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i'm not a PHP newbie but i must admit i'm pretty noob when talking about OOP, now, i think is time for me to do one step forward and start learning classes deeply, so, i would like to start from here:

Assuming i have this classic switch, i know that when we are building classes is not a good practice use the switch method, so, how i can rebuild this into a class without using switch but Polymorphism and i would like to understand the approach.

/**
 * globals below are holding unique id 
 * $Franklin['Franklin_id'] , 
 * $Granny_Smith['Granny_Smith_id'] , 
 * etc etc...
 */

global $Fuji, $Gala, $Franklin, $Granny_Smith;

switch($Apple) {
  case 'Fuji':
    $Color = 'Yellowish green';
    $Size = 'medium';
    $Origin = 'Japan';
    $Season = 'October - January';
    $AppleId = $Fuji['Fuji_id']; 
  break;
  case 'Gala':
    $Color = 'yellow';
    $Size = 'medium';
    $Origin = 'New Zealand';
    $Season = 'October - January';
    $AppleId = $Gala['Gala_id'];
  break;
  case 'Franklin':
    $Color = 'Well-colored';
    $Size = 'medium';
    $Origin = 'Ohio';
    $Season = 'October';
    $AppleId = $Franklin['Franklin_id'];
  break;
  case 'Granny_Smith':
    $Color = 'Green';
    $Size = 'medium';
    $Origin = 'Australia';
    $Season = 'October - December';
    $AppleId = $Granny_Smith['Granny_Smith_id'];
  break;
}

then i would like to be able to use it something like this

$AppleProps = new getApple('Granny_Smith'); // $AppleProps->Color, etc etc

Thank you in advance and hope this can help someone else.

Kind Regards

Luca

share|improve this question
1  
(reference) Replace Conditional with Polymorphism –  Gordon Feb 17 '11 at 18:41
    
@Gordon - thank's buddy this definitely ask the second part or the question. ;) –  aSeptik Feb 17 '11 at 18:44

3 Answers 3

up vote 2 down vote accepted

I'm not complete sure what your IDs mean, but this code gives you an AppleFactory that will "stamp" each new apple with a unique ID.

class AppleFactory {

    static $id = 0;

    static public function getApple($className) {
        $apple = new $className();
        $apple->id = self::$id++;
        return $apple;
    }

}

class Apple {

    public $id;
    public $color;
    public $size;
    public $origin;
    public $season;

}

class GrannySmith extends Apple {

    public function __construct() {
        $this->color = 'Green';
        $this->size = 'medium';
        $this->origin = 'Australia';
        $this->season = 'October - Desember';
    }

}

$a = AppleFactory::getApple('GrannySmith');
print_r($a);
share|improve this answer
    
@aSeptik echo $a->color; // :) –  user479911 Feb 17 '11 at 18:17
    
@aSeptik I forgot a line in the top half of the file: return $apple; –  user479911 Feb 17 '11 at 18:24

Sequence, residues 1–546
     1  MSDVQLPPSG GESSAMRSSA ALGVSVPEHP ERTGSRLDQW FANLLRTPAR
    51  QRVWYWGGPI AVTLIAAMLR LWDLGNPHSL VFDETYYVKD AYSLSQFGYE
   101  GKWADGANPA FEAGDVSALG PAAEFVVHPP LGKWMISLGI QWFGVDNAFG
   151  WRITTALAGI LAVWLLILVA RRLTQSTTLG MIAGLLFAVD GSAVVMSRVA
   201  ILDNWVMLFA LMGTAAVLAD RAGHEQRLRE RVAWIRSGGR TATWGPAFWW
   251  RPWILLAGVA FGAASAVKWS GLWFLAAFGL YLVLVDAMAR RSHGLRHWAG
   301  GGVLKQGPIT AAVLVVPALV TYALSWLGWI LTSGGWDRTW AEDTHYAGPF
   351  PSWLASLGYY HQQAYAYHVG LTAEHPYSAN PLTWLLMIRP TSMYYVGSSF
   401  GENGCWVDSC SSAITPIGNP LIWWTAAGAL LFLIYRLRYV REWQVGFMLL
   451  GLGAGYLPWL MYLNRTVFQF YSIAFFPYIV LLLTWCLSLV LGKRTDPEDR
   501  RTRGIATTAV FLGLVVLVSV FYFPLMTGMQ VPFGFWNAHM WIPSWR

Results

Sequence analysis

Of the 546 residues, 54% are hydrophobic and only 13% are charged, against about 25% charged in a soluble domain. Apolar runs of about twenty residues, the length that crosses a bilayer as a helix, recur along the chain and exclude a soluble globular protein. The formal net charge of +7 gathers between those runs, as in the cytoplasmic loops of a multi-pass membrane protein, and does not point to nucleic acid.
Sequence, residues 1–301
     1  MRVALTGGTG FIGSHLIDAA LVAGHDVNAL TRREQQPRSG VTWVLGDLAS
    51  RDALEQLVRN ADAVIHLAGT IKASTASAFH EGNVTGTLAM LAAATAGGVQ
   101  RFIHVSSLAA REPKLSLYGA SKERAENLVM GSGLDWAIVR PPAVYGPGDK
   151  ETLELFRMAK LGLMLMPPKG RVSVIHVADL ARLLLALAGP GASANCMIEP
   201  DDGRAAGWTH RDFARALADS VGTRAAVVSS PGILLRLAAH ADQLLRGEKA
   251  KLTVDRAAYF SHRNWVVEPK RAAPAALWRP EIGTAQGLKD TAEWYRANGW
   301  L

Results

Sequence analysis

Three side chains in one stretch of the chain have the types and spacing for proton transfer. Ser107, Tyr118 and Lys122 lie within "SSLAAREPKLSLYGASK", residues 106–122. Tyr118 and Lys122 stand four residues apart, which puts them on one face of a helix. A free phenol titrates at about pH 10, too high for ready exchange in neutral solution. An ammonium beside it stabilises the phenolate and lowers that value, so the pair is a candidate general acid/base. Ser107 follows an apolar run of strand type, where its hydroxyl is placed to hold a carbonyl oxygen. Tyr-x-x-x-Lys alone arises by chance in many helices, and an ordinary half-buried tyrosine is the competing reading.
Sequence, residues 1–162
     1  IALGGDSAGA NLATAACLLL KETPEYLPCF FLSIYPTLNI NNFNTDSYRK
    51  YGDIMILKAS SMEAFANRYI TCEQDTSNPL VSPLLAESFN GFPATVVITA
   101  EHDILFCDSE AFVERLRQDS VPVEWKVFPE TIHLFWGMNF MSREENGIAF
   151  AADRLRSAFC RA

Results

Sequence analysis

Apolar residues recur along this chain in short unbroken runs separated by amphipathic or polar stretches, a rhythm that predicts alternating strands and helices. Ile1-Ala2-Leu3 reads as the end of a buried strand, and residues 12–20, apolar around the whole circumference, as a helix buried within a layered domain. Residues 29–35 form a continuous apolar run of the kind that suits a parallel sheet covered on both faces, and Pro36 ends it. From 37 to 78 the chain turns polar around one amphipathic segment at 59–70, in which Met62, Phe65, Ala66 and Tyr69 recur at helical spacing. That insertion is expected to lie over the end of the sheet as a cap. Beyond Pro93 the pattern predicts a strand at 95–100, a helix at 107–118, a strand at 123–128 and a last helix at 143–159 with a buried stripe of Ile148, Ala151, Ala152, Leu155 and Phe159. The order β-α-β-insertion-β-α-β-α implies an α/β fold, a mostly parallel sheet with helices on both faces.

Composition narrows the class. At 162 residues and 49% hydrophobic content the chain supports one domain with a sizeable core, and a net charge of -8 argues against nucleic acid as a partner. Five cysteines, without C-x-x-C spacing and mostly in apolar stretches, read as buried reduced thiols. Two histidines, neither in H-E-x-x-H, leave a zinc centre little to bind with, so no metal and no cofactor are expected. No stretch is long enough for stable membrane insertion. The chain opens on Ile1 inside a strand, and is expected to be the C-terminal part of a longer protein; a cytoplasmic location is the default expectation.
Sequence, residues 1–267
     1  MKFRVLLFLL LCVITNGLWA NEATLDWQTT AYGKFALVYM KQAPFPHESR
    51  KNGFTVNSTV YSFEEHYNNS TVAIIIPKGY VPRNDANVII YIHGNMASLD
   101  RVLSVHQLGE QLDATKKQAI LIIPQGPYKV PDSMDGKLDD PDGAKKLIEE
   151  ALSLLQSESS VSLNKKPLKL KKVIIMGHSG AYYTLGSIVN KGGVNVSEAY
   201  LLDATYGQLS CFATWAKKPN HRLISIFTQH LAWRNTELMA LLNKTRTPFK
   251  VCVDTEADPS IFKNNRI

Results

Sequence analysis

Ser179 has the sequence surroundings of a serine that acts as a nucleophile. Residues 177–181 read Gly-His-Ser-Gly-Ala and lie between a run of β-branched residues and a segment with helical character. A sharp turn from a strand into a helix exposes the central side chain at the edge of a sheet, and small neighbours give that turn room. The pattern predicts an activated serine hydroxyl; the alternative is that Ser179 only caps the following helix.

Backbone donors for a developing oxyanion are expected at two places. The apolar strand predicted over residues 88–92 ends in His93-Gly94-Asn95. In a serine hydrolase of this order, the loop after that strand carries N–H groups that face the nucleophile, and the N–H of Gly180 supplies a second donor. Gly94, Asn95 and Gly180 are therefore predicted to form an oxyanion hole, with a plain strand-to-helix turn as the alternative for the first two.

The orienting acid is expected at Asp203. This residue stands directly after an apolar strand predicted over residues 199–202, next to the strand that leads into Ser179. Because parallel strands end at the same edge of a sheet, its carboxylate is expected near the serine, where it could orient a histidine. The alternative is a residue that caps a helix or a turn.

i like this approach, also the one from KOGI work fine, but what i was looking for was something like this, btw i have asked to convert the switch just for understand the process ;). thank you again. –  aSeptik Feb 17 '11 at 18:29

There's no need for object-orientation here. But the switch can be replaced by a much simpler construct. If you use a data array, you can even skip the function:

$apple_data = array(
  'Fuji' => array(
    'Color' => 'Yellowish green';
    'Size' => 'medium';
    'Origin' => 'Japan';
    'Season' => 'October - January';
    'AppleId' = 1234567890,
  ),
  'Gala' => array(
    'Color' => 'yellow';
    'Size' => 'medium';
    'Origin' => 'New Zealand';
    'Season' => 'October - January';
    'AppleId' => 1234598760,
  ),
  ...
);

To access the attributes just use:

$id = $apple_data["Granny_Smith"]["AppleId"]

Or if you really want all those local variables:

extract($apple_data["Granny_Smith"]);
// creates $Color, $Size, $Origin, $Season, $AppleId in local scope

If you really want the object-syntax, then try:

$AppleProps = new ArrayObject($apple_data["Fuji"], 2);
print $AppleProps->Color;

But since the apples are not doing anything, you probably don't want to create a class or real objects for them. (Damn apples. Just sitting there and doing nothing.)

share|improve this answer
    
+1 for the ArrayObject() :P but i'm already using arrays. –  aSeptik Feb 17 '11 at 18:11

If you really want to use OO for this, then what you should do is create an appleFactory class, then have separate classes for each kind of apple...

class appleFactory
{
    public static function getApple( $name )
    {
        $className = $name.'_apple';

        return new $className( );
    }
}

class fuji_apple
{
    public function __construct( )
    {
        $this->color = 'Yellowish green';
        $this->size = 'medium';
        $this->origin = 'Japan';
        $this->season = 'October - January';
        $this->appleId = $Fuji['Fuji_id']; 
    }
}

class gala_apple
{
    public function __construct( )
    {
        $this->color = 'Yellow';
        $this->size = 'medium';
        $this->origin = 'New Zealand';
        $this->season = 'October - January';
        $this->appleId = $Gala['Gala_id']; 
    }
}

Then use it like so...

$fuji = appleFactory::get( 'fuji' );
$gala = appleFactory::get( 'gala' );
share|improve this answer
    
this is nice +1 for now ;) –  aSeptik Feb 17 '11 at 18:09

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